Yesterday, as has been well reported, the Lib Dem run Richmond Council has announced a prescriptive local tax policy on those wishing to have "Resident Parking Permits". Basically, it will band vehicles by CO2 output and charge higher rates for the right to park on the road outside houses.
Without wishing to get too philosophical, this is exactly the wrong way to go about tackling climate change and CO2 output. Using taxation to change behaviour rarely works, when it hurts, and especially when it hurts the poor, as this policy will do, it creates resentment, not compliance.
Instead of arbitrarily trying to reduce emissions by targeting one single small group, Council's should be looking to encourage greater carbon neutrality from its residents. What might that mean in practice? Well here's an idea, if, as Richmond Council claim, there approach is revenue neutral, then how about offering scaled discounts from reasonably set parking permit price on the basis of driver carbon offsetting?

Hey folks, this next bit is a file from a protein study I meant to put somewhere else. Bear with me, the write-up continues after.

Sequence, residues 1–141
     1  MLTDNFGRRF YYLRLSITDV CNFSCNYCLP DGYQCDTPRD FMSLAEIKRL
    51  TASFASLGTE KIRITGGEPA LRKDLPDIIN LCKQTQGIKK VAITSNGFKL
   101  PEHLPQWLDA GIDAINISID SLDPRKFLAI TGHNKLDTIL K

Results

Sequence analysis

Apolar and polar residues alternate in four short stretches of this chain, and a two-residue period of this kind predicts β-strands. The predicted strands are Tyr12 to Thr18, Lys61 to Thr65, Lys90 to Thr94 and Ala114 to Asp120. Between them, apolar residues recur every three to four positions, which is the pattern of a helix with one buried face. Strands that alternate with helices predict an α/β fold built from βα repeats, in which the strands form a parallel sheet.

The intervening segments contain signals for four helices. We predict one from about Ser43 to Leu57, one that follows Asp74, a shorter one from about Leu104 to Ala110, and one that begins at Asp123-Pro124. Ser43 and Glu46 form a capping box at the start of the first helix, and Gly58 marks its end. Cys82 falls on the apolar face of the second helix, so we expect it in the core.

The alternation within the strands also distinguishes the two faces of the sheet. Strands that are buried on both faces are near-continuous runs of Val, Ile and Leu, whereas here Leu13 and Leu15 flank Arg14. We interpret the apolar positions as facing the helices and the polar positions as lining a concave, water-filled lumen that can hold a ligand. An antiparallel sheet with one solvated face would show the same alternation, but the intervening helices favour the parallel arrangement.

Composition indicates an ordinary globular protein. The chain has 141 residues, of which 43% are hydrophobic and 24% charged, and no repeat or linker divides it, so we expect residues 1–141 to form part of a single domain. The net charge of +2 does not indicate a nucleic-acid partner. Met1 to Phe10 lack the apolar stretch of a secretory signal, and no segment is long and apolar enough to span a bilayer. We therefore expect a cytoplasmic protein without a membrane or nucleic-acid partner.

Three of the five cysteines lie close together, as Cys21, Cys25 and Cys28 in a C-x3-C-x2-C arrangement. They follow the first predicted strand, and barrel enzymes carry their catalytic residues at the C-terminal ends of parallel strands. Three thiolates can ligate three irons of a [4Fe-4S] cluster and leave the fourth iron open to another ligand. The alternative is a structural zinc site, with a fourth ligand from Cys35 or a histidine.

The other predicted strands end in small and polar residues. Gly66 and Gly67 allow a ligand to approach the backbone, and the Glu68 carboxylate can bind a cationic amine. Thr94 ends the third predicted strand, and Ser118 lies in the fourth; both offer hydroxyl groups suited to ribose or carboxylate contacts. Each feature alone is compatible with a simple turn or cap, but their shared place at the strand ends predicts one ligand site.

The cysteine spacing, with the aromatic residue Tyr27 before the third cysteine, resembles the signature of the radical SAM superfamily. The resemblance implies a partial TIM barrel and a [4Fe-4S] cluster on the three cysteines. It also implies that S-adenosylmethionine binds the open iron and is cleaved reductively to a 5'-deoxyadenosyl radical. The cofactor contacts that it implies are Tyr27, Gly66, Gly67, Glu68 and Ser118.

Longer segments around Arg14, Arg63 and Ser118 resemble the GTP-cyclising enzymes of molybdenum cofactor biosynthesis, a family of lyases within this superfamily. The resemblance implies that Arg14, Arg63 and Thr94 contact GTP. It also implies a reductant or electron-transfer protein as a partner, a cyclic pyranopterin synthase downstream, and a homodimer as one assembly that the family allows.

Instead of having a rising price scale, what you do is set your permit price at say, £150 per year (that figure is arbitrary for my example before anyone complains it is too high or too low). You then offer, in conjunction with Climate Care, residents the ability to off-set their car's carbon output. In return they receive a rebate/discount on their parking permit at the end of the year or beginning of the next, which is a notional amount higher than their offset cost. e.g. £150 for a permit at the beginning of year, £25 offset charge at the end of the year, rebate of £50 from the Council.
This kind of policy, unlike that proposed in Richmond, would encourage people to be aware of their impact of the environment and make them act by offering them a discount to their pocket. If Council's genuinely mean it when they say the want revenue neutral schemes then carbon neutral carrots, rather than taxation sticks are what they ought to be doing.